Those accustomed to North American cities will think of intersections as simple crossings of two streets a right angles. In much of the rest of the world, and in cities such as Boston and Washington, intersections are usually not so simple, and many intersections create enough extra open space that they border on being a square. We consider here street intersections that do not swell out to the extent of a square.
As any merchant knows, a corner is a better location than any other, for the simple reason that there is twice as much exposure to the passing public. Corners are important for other reasons, however. They are normally the only locations at which buildings show more than one face, and the detail of buildings at the corner is varied and interesting.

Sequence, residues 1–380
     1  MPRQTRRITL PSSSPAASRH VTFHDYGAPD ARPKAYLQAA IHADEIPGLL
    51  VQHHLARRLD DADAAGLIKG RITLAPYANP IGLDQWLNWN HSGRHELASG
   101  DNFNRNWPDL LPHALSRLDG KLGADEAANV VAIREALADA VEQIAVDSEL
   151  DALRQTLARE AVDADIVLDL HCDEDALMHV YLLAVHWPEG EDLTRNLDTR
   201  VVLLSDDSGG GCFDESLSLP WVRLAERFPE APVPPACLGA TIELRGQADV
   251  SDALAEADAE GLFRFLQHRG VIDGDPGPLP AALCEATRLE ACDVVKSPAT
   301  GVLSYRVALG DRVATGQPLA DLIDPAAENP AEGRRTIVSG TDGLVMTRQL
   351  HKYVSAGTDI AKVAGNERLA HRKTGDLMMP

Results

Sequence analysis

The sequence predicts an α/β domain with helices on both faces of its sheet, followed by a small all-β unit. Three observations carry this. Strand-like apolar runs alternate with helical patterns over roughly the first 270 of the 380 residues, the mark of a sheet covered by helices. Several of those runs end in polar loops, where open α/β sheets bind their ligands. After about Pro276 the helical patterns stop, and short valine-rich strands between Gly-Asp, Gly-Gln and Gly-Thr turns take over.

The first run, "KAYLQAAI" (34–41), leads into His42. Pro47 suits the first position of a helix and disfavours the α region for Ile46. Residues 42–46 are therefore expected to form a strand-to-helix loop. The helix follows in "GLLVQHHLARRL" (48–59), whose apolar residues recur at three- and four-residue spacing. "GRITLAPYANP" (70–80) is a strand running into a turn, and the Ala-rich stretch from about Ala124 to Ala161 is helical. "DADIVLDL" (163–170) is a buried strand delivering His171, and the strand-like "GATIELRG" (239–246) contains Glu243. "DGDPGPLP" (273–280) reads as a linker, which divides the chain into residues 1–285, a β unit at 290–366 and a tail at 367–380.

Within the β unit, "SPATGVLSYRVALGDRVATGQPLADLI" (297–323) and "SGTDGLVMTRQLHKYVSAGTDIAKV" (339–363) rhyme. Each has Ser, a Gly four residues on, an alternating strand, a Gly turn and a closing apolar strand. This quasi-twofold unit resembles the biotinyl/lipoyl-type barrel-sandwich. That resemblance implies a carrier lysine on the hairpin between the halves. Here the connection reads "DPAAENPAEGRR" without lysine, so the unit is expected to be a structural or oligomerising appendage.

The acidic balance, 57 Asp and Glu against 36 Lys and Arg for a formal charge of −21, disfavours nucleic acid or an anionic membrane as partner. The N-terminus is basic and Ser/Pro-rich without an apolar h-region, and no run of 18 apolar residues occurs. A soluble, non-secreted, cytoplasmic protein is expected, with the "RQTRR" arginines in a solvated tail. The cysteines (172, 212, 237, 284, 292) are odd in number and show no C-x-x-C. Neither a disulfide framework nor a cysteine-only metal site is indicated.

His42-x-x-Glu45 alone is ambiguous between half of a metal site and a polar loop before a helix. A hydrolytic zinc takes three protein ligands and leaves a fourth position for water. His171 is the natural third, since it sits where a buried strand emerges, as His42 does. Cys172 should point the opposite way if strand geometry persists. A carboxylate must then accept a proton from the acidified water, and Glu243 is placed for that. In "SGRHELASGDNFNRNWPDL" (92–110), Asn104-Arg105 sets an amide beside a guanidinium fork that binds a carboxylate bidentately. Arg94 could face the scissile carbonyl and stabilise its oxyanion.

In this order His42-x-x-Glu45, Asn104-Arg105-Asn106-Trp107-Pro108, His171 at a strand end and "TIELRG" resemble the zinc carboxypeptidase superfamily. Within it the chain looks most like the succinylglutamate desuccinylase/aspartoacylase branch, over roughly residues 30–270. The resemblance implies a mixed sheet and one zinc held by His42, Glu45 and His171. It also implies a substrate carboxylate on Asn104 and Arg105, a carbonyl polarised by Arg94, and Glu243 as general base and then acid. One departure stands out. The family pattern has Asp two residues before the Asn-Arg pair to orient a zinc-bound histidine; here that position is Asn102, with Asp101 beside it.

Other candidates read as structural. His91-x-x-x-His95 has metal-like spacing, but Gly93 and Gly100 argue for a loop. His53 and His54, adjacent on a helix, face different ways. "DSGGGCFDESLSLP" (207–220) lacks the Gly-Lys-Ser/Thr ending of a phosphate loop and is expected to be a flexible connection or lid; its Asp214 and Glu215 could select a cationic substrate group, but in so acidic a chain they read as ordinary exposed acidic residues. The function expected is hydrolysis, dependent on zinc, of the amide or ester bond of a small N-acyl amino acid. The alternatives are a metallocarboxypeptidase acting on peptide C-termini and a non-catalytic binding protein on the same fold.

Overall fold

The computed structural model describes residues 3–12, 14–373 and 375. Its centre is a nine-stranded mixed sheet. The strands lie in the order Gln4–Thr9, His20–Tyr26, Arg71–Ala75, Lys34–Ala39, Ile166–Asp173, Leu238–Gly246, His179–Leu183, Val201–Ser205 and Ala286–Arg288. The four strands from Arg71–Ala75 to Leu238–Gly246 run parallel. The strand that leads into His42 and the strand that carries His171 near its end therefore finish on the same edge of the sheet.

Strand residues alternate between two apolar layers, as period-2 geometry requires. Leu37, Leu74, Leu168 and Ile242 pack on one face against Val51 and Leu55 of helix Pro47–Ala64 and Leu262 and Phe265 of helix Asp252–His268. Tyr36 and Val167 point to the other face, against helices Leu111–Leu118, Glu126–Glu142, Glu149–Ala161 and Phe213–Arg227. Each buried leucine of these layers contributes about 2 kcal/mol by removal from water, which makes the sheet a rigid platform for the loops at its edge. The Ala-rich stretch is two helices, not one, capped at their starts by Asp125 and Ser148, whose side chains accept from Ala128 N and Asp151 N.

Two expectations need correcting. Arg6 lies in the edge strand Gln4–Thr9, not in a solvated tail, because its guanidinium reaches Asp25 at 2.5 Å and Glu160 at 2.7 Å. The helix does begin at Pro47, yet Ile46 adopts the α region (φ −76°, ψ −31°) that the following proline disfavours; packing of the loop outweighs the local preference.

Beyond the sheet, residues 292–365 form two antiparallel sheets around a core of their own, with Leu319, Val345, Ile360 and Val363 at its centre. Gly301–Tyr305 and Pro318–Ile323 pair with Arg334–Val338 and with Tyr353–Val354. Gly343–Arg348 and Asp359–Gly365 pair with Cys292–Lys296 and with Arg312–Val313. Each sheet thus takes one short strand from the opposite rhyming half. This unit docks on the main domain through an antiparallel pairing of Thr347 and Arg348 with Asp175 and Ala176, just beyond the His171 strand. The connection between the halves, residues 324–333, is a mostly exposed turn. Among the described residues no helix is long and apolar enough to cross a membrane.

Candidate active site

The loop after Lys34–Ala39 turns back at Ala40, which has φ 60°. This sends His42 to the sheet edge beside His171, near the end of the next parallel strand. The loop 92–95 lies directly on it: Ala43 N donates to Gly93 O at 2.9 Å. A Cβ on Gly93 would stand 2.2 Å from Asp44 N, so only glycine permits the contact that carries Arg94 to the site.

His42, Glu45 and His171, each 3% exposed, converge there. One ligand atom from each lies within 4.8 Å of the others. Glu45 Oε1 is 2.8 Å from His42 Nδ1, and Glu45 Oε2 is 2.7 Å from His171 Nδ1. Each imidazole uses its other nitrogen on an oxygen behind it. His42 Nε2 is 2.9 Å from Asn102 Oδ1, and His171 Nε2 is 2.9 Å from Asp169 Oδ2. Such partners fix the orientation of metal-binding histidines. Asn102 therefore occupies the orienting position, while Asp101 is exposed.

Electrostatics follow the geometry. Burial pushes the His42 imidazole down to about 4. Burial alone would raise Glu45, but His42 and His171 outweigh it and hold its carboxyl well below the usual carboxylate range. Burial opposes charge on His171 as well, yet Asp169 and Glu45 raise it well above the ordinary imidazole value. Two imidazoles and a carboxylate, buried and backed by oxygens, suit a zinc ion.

Intersections are also always the bottleneck in street traffic, of whatever kind, including pedestrians. There is a lot of friction at intersections - people and vehicles rubbing against or otherwise impeding one another. When it is people, not vehicles, the friction is actually an opportunity for informal social contacts (as long as the pedestrian density is not excessive, in which case it becomes an irritation). Millions of fleeting contacts arise at intersections in big cities every day, and they form part of the glue that binds a city's society together.
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